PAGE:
Discipline: Political Science
		

John D. Huber Ph.D.

Cohort 1 — Michigan Alumni List
Professor, Department of Political Science
Columbia University, New York, NY

Dr. Huber received his both his PhD and MA in Political Science from the University of Rochester in 1991 and 1989 respectively. He received his Bachelor of Arts degree from Lawrence University in 1984. His research focuses on the comparative study of democratic processes.   He recently published Exclusion by Elections:  Inequality, Ethnic Identity and Democracy, which develops a theory about how inequality can foster identity politics, which can then limit the propensity of a democracy to respond to inequality. In addition to numerous articles, he previously  published Rationalizing Parliament: Legislative Institutions and Party Politics in France, and Deliberate Discretion? Institutional Foundations of Bureaucratic Autonomy (with Charles Shipan).  His  current projects focus on bureaucracy, civil war and inter-generational solidarity. Huber served as chair of the political science department from 2006-09 and 2010-13, and  was elected to the American Academy of Arts and Sciences in 2013.

Discipline: Political Science
Health Policy Interests: Medicaid
		

Debra Javeline Ph.D.

Cohort 10 — Harvard Alumni List
Associate Professor, Department of Political Science
University of Notre Dame, Notre Dame, IN

Dr. Javeline received her PhD from Harvard University. Her research interests are Mass political behavior, survey research, Russian politics, sustainability, environmental politics, climate change. Dr. Javeline has conducted survey research in the former Soviet Union for the U.S. Information Agency (now State Department) and the U.S. Agency for International Development. She has held fellowships from Fulbright-Hays, Mellon, ACTR, FLAS, Harvard University's Davis Center for Russian Studies, the University of Colorado's Institute of Behavioral Science, the Robert Wood Johnson Foundation, the National Science Foundation, and the National Council for Eurasian and East European Research. In 2011-12, she was supported by a Mellon New Directions fellowship to study ecology and environmental law.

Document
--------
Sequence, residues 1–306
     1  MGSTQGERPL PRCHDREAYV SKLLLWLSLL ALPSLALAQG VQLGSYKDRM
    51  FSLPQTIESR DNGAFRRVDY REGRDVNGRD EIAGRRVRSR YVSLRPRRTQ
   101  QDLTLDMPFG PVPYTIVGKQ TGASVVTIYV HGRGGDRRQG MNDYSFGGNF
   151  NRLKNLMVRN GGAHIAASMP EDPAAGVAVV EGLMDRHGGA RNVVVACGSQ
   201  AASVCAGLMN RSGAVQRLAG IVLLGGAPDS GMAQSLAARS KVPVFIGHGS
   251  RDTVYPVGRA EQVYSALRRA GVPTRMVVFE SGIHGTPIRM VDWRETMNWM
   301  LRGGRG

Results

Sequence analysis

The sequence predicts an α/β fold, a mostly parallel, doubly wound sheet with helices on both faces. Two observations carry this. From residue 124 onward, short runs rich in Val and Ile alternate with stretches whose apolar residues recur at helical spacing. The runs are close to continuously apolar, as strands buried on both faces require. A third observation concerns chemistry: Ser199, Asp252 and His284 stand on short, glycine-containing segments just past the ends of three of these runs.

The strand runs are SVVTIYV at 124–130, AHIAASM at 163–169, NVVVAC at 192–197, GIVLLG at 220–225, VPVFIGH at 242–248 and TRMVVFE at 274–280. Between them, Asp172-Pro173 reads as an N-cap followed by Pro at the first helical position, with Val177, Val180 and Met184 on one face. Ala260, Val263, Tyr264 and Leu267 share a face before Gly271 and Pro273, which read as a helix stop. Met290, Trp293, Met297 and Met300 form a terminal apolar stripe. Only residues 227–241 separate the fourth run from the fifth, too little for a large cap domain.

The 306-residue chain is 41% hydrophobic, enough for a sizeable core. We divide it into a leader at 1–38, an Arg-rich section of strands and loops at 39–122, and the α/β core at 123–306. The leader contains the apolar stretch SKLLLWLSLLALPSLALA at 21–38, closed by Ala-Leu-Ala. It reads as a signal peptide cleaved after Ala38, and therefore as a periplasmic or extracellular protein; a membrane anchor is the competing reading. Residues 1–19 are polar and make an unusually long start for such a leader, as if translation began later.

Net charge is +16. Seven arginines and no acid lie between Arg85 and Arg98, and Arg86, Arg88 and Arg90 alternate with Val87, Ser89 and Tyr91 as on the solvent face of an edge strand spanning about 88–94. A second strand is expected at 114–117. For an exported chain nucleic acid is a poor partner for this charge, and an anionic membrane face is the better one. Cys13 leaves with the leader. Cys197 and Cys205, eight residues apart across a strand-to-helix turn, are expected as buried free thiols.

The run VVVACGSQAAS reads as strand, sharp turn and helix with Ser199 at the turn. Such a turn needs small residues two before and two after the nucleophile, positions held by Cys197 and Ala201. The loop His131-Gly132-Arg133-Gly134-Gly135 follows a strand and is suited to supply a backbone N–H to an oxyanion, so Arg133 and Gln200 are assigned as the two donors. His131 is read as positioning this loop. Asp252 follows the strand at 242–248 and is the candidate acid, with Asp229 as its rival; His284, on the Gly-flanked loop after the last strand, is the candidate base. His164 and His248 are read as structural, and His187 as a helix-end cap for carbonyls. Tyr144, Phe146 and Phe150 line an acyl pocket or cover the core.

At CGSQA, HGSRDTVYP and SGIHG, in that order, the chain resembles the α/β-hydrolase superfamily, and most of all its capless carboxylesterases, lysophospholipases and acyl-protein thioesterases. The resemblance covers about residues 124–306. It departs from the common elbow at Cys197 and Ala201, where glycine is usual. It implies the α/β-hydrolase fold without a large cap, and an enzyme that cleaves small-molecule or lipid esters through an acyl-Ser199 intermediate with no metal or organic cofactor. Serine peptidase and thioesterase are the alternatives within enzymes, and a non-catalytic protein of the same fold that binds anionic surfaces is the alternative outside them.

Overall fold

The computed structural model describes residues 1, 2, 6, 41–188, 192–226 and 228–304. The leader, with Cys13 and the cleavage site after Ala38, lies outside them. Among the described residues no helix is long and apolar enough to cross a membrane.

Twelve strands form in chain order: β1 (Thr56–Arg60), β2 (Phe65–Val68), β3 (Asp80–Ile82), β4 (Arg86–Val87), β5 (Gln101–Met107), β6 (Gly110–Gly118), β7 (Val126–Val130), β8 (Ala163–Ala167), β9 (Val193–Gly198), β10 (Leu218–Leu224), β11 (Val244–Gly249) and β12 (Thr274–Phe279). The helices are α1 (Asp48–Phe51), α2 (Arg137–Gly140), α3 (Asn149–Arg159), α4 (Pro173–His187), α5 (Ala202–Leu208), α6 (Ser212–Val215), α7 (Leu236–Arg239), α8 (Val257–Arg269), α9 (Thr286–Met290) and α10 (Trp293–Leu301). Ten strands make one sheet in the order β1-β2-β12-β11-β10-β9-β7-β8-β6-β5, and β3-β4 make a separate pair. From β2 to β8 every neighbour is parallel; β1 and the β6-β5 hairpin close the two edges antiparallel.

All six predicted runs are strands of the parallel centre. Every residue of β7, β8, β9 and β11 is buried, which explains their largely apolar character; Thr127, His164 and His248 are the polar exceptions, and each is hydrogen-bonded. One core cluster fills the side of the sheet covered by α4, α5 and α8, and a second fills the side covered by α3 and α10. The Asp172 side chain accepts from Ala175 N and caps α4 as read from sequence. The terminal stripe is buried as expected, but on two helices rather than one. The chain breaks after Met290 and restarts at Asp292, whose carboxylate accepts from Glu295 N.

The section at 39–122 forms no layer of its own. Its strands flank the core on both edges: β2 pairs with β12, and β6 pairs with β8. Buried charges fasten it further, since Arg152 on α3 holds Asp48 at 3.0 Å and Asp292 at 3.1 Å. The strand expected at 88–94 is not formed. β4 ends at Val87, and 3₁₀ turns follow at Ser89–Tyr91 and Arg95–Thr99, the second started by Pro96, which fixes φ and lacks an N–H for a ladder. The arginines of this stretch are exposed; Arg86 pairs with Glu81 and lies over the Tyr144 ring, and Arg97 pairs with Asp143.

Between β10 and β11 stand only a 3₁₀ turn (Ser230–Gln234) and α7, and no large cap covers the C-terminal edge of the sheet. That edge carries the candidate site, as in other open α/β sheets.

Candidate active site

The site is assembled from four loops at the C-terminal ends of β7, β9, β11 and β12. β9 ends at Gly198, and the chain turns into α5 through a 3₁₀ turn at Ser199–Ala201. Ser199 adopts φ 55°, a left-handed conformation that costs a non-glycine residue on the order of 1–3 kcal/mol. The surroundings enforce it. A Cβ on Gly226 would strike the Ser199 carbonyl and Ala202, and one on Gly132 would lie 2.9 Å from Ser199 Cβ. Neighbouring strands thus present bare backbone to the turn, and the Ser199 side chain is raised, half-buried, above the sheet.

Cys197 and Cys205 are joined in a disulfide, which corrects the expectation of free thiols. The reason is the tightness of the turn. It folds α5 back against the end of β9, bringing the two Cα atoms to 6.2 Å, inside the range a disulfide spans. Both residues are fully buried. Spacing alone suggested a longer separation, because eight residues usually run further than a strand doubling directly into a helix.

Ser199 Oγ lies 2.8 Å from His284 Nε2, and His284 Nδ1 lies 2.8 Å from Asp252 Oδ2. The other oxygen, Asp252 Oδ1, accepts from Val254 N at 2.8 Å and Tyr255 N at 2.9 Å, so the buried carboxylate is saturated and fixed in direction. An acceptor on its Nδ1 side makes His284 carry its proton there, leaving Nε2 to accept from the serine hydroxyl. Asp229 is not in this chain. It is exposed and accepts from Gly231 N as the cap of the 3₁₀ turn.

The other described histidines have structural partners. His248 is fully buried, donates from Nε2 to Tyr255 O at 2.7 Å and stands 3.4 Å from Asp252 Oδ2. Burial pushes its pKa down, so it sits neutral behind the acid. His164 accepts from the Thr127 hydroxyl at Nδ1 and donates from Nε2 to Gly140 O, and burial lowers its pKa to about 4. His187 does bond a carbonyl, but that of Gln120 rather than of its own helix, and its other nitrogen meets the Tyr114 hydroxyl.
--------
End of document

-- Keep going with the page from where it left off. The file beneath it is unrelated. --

Dr. Javeline divides her time between the study of Russia and the study of global environmental problems, especially climate change.  Her two current book projects are After Violence: The Beslan School Massacre and the Peace that Followed and Solutions: Science, Politics, and Saving the Planet.  She is also collaborating with Notre Dame engineers on a research project on “Coastal Homeownership in a Changing Climate: A Study of Risk Awareness, Risk Reduction, and Resilience.”  With scholars of environmental governance, she has planned a workshop for spring 2017 on “Adapting to Climate Change: Actions, Implementations, and Outcomes,” sponsored by the University of Notre Dame and the University of Washington.  With a Notre Dame undergraduate biologist, she is collaborating on a book chapter, “Adaptation of Ecosystems in the Anthropocene,” to be published in Research Handbook on Climate Change Adaptation Policy with Edward Elgar Publishing, and with other biologists, she continues to work on issues related to climate change and scientific opinion.  She and Sarah Lindemann-Komarova are updating their 2010 work in Journal of International Affairs for an article on "Civil Society in 'Putin's Russia.'"

Dr. Javeline's publications include Protest and the Politics of Blame: The Russian Response to Unpaid Wages (University of Michigan Press, 2003) and articles in The American Political Science Review, Comparative Political Studies, Political Research Quarterly,Public Opinion Quarterly, Law & Society Review, Problems of Post-Communism, Social Science & Medicine, Policy Sciences, and Bioscience. Recent articles are “The Most Important Topic Political Scientists are Not Studying: Adapting to Climate Change” (Perspectives on Politics, 2014) and “Expert Opinion on Extinction Risk and Climate Change Adaptation” (Elementa: Science for the Anthropocene, 2015).

 

Discipline: Political Science
Health Policy Interests:
		

Taeku Lee Ph.D.

Cohort 6 — Yale Alumni List
Professor of Political Science and Law, Department of Political Science
University of California, Berkeley, Berkeley, CA

Dr. Lee received his PhD from the University of Chicago and his AB and MPP from Harvard University. Lee is also Associate Director of the Haas Institute at Berkeley, Managing Director of Asian American Decisions, and Co-Principal Investigator of the National Asian American Survey. Lee is currently Treasurer and on the Executive Council for the American Political Science Association and serves on the Board of Overseers of the American National Election Studies and the General Social Survey, and on the National Advisory Committee for the U.S. Census Bureau.